Less than two years before the 2014 World Cup kicks off in Brazil, half of the 12 host stadiums are at least 50 percent completed, the sports ministry said Tuesday.
Work on Rio's iconic Maracana stadium, which will host the World Cup final, is 62 percent completed, according to a progress review posted on the government's official World Cup page.
Venues in Brasilia and the northeastern city of Salvador are more than 70 percent completed.
But the arena in the northeast city of Natal is only 30 percent done and work on the stadium in the southern city of Porto Alegre is just 33 percent completed.
Work on the venues in the northern city of Manaus, the southern cities of Curitiba and Sao Paulo, and in Cuiaba, capital of the central-western state of Mato Grosso is nearly halfway done, the progress review said.
Last week, visiting FIFA secretary general Jerome Valcke said preparations for the World Cup -- renovation or construction of stadiums, as well as infrastructure projects -- were progressing well.
"No stadium is behind schedule. All the projects are proceeding well and we have reached cruise speed," Valcke told a press conference in Rio after inspecting host arenas in Manaus and Cuiaba.
"Things are working better. More is being accomplished. Things are speeding up," he said with former Brazilian football great Ronaldo, a member of the World Cup Organizing Committee, at his side.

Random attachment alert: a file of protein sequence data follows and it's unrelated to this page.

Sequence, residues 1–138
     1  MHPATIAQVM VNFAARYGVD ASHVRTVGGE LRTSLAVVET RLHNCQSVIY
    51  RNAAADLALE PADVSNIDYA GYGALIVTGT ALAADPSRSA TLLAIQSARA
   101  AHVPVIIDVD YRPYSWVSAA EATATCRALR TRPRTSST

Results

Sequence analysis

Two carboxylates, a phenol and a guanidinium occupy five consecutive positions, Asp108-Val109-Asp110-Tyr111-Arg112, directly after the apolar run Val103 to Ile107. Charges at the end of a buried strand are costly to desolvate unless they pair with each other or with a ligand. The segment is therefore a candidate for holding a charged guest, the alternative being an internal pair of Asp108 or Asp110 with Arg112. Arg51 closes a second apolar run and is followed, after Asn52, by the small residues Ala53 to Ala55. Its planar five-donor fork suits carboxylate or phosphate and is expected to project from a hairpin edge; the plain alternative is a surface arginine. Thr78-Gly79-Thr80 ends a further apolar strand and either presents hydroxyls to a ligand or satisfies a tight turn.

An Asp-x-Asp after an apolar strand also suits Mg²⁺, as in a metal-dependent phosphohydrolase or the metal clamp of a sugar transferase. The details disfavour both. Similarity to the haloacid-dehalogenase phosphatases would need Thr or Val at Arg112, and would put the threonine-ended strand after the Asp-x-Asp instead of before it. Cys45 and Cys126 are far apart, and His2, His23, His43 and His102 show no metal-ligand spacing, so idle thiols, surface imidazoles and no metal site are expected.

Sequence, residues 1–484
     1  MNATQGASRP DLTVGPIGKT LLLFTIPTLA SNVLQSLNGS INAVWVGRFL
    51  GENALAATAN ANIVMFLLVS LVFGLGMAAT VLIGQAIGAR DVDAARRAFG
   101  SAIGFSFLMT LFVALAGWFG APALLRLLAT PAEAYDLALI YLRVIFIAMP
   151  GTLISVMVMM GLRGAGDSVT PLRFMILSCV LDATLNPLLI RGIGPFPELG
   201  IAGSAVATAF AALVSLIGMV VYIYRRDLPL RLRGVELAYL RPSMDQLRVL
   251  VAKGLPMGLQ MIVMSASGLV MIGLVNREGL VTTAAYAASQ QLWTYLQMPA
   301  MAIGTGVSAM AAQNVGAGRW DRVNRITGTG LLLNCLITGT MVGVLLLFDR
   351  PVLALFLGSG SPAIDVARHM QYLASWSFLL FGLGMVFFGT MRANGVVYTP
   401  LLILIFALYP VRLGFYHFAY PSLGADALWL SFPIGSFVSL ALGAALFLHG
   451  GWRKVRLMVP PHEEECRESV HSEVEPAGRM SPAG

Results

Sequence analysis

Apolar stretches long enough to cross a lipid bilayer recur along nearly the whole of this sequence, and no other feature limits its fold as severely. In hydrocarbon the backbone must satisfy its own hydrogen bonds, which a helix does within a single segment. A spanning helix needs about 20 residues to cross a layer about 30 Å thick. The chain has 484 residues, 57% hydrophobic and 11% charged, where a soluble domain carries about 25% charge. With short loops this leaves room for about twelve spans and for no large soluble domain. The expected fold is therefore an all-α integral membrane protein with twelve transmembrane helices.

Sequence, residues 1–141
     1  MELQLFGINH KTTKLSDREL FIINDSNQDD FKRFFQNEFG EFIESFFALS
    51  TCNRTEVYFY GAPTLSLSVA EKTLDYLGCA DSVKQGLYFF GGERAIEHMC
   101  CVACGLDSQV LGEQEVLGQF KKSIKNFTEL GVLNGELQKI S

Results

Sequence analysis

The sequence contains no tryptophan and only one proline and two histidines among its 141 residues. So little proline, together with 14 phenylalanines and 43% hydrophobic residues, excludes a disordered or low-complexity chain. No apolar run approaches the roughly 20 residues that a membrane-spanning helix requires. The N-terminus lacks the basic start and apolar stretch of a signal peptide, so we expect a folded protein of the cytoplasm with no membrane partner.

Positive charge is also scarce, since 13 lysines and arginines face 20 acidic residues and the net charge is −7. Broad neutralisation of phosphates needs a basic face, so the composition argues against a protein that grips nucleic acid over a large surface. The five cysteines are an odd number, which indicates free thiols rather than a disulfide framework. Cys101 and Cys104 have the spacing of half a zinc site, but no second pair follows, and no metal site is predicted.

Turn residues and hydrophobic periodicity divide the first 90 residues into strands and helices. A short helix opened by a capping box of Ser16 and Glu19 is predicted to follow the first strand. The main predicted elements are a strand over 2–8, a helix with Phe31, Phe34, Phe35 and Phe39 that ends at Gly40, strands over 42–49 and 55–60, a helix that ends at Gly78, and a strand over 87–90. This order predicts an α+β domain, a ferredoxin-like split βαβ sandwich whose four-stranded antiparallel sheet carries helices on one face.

His comments, made on his fourth visit to Brazil to assess progress, contrasted with his comments in March when he suggested World Cup organizers needed a "kick up the backside" to hasten lagging preparations.
He subsequently apologized for his comments, as did FIFA President Sepp Blatter.
But experts believe the country still has major challenges to overcome, notably with respect to transport and housing.
On Tuesday, the sports ministry cited good progress on the arena in the northeastern city of Fortaleza, which is 87 percent completed, and in the southeastern city of Belo Horizonte, which is 78 percent done.
Both stadiums will host both matches of next June's Confederations Cup and the 2014 World Cup, the first in Brazil since 1950.
In Brasilia, the arena where the opening game of the Confederations Cup and seven World Cup games will be staged is 72 percent completed while stadiums in the northeastern cities of Salvador and Recife are 70 percent and 51.6 percent done, respectively.
FIFA will meanwhile announce in early November whether the arenas in Recife and Salvador will host Confederations Cup matches next year, along with Rio, Brasilia, Belo Horizonte and Fortaleza.